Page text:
Scripps explained that Corbyn’s political actions, and the false presentation of Corbyn by various pseudo-left tendencies as the embodiment of left-wing sentiment, were behind much of the sense of paralysis referred to in the meeting. What was touted to workers and young people as the way forward in a struggle for socialist politics proved to be a total capitulation to British capitalism and imperialism. The same was true of forces like Syriza in Greece and Podemos in Spain.

The answer was to take up a fight for genuine socialism based on the Trotskyist principles derived from a century’s experience of struggle against Stalinism, bourgeois nationalism, social democracy and petty-bourgeois radicalism. Such a programme could win the support of the millions being radicalised by economic crisis, the return of fascism and the descent into new and bloodier wars.

With many calling for various forms of direct action to stop Israel’s war, or the supply of British support to Israel, Scripps made clear that the SEP was in full solidarity with all those taking a stand against the genocide and facing state repression. But he stressed that, to be successful, all action had to be rooted in a common political perspective aimed at mobilising the international working class and advancing the solution of a free and equal Arab-Jewish Palestine as part of a United Socialist States of the Middle East.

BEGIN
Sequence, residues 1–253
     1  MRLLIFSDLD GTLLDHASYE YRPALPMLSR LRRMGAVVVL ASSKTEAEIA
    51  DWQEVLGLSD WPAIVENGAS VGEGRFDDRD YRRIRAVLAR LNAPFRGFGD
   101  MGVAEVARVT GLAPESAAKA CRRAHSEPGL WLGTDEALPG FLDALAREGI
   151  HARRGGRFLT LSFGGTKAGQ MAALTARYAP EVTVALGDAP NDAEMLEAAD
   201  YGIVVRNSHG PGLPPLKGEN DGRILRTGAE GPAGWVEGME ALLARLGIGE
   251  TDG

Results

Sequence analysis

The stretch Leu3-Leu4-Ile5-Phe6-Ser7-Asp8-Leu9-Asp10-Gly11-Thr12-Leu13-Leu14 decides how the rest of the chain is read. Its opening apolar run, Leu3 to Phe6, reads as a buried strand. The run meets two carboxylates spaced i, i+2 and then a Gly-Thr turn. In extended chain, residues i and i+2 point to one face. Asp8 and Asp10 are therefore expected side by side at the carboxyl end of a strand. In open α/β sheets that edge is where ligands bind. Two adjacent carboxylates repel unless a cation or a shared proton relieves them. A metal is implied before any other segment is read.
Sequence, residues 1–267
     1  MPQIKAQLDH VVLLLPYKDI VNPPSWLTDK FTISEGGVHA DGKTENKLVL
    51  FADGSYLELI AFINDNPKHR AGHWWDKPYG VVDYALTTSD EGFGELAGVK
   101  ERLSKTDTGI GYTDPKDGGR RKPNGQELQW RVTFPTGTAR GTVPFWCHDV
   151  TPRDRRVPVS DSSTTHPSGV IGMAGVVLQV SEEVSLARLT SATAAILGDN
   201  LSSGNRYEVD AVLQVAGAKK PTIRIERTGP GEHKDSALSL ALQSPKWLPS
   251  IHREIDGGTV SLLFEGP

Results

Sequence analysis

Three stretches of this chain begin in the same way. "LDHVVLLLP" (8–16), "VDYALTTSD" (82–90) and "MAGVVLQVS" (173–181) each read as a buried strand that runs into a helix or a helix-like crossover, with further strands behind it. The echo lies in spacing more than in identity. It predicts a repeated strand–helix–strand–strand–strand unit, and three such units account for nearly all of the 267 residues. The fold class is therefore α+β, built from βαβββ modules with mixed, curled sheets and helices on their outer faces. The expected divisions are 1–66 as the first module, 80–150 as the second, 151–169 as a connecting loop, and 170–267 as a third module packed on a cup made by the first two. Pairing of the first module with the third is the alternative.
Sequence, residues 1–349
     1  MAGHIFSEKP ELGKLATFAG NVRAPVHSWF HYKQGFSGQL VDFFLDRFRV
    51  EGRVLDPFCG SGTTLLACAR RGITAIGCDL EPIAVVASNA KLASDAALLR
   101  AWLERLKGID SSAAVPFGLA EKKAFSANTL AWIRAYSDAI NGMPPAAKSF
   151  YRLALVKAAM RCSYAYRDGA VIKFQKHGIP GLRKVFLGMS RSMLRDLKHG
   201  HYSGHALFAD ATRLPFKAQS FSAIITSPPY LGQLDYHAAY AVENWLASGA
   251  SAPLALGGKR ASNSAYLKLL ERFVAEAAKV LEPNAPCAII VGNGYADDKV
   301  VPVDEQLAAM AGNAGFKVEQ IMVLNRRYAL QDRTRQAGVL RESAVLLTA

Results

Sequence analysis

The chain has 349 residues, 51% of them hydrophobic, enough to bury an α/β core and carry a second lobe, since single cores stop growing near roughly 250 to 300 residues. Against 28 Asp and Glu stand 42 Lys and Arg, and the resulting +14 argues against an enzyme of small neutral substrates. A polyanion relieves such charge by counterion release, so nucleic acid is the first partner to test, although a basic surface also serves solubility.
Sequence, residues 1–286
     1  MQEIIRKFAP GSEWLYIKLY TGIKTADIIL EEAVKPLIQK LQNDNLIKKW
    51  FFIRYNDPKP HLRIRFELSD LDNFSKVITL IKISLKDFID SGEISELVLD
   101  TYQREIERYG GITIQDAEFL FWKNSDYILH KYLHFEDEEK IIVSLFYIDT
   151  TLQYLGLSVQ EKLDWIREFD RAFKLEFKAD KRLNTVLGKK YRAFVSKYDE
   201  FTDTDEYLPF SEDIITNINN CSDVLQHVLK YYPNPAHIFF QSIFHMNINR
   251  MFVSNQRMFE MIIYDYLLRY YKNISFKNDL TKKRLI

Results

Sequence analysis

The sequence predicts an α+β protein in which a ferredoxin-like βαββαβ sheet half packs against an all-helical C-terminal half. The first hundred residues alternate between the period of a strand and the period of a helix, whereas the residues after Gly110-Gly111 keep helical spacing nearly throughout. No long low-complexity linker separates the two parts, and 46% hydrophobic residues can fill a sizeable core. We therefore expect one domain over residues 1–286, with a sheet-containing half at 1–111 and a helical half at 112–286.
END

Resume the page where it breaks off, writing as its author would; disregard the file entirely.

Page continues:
Leading anti-vaccine conspiracy theorist Piers Corbyn, the brother of Jeremy Corbyn, was denied entry to the meeting because of his attacks against health workers and collaboration with far-right anti-vax and Holocaust deniers. One of his associates made threatening remarks to SEP stewards.